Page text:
The Advocate asks a very interesting question in light of the Hobby Lobby case. That case said that a closely-held company could do away with contraception coverage in their health insurance if they have religious objections to it. But could they also eliminate coverage of preventive anti-retroviral drugs that protect gay men from getting HIV?
Last June the Supreme Court ruled that religious-minded business owners could essentially line-item veto some forms of birth control out of their employees’ health care plans. Does that mean that antigay bosses can target queer employees by doing the same with HIV prevention pills?
The Hobby Lobby decision was a major victory for religious conservatives, who in recent years have increasingly sought exemptions from laws designed to protect LGBT people. And while the case focused on birth control, the decision could have significant implications when it comes to health care for workers who are at elevated risk of acquiring HIV, such as sexually active gay men.
PrEP is a daily regimen of the drug Truvada, which when taken daily as prescribed can reduce the risk of transmission by 99 percent, according to studies. Although Truvada has been approved as HIV treatment for more than a decade, it’s only relatively recently that it’s been adapted as a preventive measure. And the number of prescriptions is still small.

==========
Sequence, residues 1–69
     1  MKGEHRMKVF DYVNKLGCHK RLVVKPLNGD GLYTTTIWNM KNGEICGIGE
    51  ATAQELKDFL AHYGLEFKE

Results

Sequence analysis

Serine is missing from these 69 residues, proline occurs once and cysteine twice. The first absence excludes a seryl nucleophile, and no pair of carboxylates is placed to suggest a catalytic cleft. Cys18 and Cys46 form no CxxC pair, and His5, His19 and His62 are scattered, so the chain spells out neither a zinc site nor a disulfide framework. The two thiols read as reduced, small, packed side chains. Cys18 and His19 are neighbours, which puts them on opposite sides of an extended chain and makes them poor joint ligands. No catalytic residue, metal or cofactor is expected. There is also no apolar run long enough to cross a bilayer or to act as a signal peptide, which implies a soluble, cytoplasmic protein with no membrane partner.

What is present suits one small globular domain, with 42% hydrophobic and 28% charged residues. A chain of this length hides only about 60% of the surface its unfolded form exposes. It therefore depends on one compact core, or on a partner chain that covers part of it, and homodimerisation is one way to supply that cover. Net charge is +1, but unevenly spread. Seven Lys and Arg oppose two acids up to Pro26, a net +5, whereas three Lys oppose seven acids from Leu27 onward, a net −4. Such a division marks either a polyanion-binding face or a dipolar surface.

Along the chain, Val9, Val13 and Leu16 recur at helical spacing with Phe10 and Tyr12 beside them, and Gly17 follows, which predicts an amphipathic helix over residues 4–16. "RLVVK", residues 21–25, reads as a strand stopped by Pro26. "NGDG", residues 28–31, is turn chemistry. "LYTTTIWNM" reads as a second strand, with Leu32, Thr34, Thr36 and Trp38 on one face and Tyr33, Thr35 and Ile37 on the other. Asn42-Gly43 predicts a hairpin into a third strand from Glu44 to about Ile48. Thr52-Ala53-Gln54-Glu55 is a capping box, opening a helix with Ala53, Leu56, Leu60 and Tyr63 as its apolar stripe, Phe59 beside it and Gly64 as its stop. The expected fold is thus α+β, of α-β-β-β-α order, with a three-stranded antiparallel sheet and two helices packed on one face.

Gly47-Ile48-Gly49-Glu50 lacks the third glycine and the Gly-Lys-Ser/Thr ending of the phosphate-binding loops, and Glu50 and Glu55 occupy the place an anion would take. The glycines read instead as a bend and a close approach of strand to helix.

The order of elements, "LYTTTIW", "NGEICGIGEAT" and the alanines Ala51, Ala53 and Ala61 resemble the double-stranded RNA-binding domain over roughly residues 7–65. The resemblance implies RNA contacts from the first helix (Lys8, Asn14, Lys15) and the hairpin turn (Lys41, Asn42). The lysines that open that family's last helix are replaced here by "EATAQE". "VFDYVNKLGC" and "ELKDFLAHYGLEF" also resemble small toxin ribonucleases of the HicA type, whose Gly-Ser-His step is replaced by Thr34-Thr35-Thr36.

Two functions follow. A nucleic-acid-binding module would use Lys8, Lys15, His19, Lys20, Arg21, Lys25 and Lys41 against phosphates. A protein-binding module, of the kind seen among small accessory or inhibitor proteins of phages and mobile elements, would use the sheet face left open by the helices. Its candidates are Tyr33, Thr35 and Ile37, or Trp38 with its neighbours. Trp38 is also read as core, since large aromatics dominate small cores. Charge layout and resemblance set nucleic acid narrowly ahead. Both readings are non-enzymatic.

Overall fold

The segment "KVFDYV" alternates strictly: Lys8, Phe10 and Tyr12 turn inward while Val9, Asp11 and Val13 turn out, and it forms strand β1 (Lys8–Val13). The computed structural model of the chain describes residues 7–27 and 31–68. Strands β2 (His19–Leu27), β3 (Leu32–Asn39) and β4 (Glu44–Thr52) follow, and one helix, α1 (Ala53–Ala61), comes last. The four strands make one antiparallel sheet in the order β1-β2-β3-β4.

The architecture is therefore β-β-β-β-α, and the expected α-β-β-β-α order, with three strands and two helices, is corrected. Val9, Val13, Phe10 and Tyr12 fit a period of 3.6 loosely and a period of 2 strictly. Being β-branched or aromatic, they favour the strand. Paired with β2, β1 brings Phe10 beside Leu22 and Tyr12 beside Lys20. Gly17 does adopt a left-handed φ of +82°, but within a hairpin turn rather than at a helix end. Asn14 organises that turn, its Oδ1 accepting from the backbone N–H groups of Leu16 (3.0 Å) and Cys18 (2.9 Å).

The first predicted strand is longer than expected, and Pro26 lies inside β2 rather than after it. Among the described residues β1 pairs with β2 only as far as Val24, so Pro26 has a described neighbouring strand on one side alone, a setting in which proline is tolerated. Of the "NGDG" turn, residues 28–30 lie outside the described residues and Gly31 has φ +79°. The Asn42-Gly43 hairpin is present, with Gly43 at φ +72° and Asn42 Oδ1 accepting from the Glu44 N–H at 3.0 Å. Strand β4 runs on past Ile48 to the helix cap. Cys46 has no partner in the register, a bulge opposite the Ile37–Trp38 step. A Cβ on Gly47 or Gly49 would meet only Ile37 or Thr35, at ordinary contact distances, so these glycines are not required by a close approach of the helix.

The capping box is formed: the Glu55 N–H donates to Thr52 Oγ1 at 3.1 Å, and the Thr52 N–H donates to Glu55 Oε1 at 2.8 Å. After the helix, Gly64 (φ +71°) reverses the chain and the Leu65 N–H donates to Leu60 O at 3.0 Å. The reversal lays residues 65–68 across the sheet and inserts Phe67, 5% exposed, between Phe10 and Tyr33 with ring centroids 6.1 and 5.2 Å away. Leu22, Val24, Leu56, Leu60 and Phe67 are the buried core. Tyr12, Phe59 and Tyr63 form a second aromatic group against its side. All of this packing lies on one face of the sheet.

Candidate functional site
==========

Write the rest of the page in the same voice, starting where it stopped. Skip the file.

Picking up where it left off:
There are some differences between this and the Hobby Lobby case, most obviously that Hobby Lobby was challenging a rule in the Affordable Care Act requiring that contraception be covered in all insurance policies at no cost to the insured. But PrEP is preventive care, which is also required in all insurance policies, just not specifically that type. And there’s another question:
Although both the use of Truvada as PrEP and the Hobby Lobby decision are recent developments, LGBT nonprofits are prepared to defend access to health care.
“We’ve heard about some doctors who are reluctant to prescribe PrEP,” says Schoettes. “I think that’s problematic and something that will need to be addressed,” potentially through litigation. “A person’s health care should not be dependent on their doctor’s viewpoints on their sex lives.”
And of course, a refusal to cover treatment or preventive measures would have significant public health consequences.
“Any type of barrier to treatment runs counter to very sound public health policies,” says Espinosa-Madrigal. “If an employer is using moral or religious beliefs to deny people access to health care … it would contribute to the epidemic.”
Fortunately, there have been, so far, no documented cases of antigay employers trying to use the Hobby Lobby decision as a weapon against queer health care. But the possibility still exists.
Can doctors invoke Hobby Lobby to justify denying PrEP coverage to patients on religious grounds? It’s an unsettled question, which is itself rather unsettling. Lives are literally at stake here.